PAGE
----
360 is a multilayered story of an ever-shrinking globe
Starring Ben Foster, Rachel Weisz, Anthony Hopkins, and Jude Law. Rated 14A.
The title 360 symbolizes the new movie’s circular story line, but it could also easily stand for the circumference of an ever-shrinking globe.
The most compelling aspect of Brazilian director Fernando Meirelles’s ambitious, multiyarned film is the way it reveals the aching injustices of a world now hyperconnected by cellphones and high-speed transportation. Too often, sex and violence are the main currency for a person from a poorer country to make it in a richer one. And so, bouncing between Austria, France, the U.S., and Britain, the interlinking chain of stories includes a Slovakian hooker (Lucia Siposová) who takes the long night-bus ride to service rich conference attendees in Vienna; Riu (Juliano Cazarré), a cut young photographer who is banging an older magazine editor (Rachel Weisz), with the hope of a staff job; and Sergei (Vladimir Vdovichenkov), the Russian-born driver for a mob boss who treats him like a dog.
Inspired by Austrian playwright Arthur Schnitzler’s similarly circular play Reigen, and with the episodic feel of Babel or Crash, 360 is consistently engrossing but not always emotionally engaging. A few of screenwriter Peter Morgan’s stories, such as the stagnant marriage of Weisz’s editor and Jude Law’s travelling businessman, have characters too briefly sketched to care about. But other vignettes are intense, the most breathless involving a snowbound airport, a tormented and just-released sex offender (the quietly menacing Ben Foster), a reckless and recently jilted Brazilian girl (Maria Flor), and a father (Anthony Hopkins) haunted by the disappearance of his daughter.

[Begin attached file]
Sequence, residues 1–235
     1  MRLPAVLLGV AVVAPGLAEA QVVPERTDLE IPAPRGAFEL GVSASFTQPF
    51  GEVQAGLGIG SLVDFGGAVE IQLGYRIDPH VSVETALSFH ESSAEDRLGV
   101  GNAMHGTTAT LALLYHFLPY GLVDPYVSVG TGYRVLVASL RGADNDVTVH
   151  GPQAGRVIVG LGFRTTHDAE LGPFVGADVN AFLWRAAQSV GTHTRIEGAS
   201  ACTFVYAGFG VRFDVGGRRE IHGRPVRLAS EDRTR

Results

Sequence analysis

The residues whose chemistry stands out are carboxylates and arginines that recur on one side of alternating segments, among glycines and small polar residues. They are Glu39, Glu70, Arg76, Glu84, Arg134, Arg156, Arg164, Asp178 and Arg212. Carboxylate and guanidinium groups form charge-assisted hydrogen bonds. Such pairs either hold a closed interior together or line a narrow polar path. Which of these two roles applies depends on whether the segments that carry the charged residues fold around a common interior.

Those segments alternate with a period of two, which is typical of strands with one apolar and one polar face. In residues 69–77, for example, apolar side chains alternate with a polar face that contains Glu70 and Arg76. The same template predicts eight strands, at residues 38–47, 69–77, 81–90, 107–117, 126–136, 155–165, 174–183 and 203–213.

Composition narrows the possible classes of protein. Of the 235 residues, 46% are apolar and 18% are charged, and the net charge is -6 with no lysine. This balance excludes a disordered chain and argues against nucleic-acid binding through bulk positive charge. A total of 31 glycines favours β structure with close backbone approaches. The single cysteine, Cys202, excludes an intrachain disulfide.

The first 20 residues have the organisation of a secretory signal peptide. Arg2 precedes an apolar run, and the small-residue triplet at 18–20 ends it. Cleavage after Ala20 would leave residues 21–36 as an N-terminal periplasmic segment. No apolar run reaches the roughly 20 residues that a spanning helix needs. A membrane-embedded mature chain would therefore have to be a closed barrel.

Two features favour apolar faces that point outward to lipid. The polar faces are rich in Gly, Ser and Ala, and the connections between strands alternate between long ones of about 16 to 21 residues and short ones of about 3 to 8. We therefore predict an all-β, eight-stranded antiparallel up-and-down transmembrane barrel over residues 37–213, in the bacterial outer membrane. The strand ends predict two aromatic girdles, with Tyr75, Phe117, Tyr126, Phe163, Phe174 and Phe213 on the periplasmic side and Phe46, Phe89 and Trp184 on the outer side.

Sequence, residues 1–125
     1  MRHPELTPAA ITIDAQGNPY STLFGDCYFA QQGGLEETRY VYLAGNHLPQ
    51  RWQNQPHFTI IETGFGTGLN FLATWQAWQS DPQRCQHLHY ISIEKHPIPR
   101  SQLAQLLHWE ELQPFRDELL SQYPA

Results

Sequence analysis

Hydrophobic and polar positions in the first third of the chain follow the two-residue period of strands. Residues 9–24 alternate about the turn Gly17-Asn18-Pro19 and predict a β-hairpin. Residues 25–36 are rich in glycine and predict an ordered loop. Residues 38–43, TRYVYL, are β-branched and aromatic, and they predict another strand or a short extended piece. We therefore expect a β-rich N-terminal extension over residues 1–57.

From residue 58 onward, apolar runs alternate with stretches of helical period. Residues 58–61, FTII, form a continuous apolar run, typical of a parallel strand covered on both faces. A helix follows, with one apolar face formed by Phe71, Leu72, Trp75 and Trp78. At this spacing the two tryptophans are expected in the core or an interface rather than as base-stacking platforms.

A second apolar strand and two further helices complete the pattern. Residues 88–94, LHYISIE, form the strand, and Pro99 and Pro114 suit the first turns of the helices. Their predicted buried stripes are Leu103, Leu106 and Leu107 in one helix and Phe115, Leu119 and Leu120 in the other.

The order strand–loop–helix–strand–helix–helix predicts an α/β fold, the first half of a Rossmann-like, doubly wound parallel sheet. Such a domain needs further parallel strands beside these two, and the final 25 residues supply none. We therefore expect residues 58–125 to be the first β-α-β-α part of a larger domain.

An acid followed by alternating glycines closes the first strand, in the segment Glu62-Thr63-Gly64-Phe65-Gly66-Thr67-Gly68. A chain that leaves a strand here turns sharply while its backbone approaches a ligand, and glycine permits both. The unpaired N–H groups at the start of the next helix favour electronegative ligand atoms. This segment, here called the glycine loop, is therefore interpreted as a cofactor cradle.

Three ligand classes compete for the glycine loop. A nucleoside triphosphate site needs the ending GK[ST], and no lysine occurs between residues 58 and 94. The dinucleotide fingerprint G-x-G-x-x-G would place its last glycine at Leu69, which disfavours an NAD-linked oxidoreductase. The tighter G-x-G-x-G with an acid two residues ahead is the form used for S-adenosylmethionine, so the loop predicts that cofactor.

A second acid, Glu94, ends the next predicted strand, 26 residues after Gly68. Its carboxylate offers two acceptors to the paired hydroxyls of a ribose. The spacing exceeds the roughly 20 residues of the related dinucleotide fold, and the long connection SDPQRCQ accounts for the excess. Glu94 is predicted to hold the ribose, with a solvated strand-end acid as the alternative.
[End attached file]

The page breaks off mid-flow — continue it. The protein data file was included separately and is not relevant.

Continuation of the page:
All the interlocking characters face a decision that will change their lives. Not all the choices they make, thankfully, will be what we wish for, although at least a couple tie up a little too neatly to believe. Still, 360 never feels gimmicky, and the multilayered interactions are served well by judicious use of split screen.
The most rewarding way to watch the film is to note the contrast between the choices faced by the well-off characters versus those who have to sacrifice body and soul. In the perfect circle of life, it seems, there are many incongruities.
Watch the trailer for 360.